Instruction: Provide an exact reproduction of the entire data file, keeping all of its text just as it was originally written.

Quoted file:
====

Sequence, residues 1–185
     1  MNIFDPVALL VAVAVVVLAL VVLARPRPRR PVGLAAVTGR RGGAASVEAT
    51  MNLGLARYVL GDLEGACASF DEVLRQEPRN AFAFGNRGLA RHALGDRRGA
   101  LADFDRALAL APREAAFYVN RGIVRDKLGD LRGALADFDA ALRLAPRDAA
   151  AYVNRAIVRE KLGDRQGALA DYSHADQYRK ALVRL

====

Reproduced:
Sequence, residues 1–185
     1  MNIFDPVALL VAVAVVVLAL VVLARPRPRR PVGLAAVTGR RGGAASVEAT
    51  MNLGLARYVL GDLEGACASF DEVLRQEPRN AFAFGNRGLA RHALGDRRGA
   101  LADFDRALAL APREAAFYVN RGIVRDKLGD LRGALADFDA ALRLAPRDAA
   151  AYVNRAIVRE KLGDRQGALA DYSHADQYRK ALVRL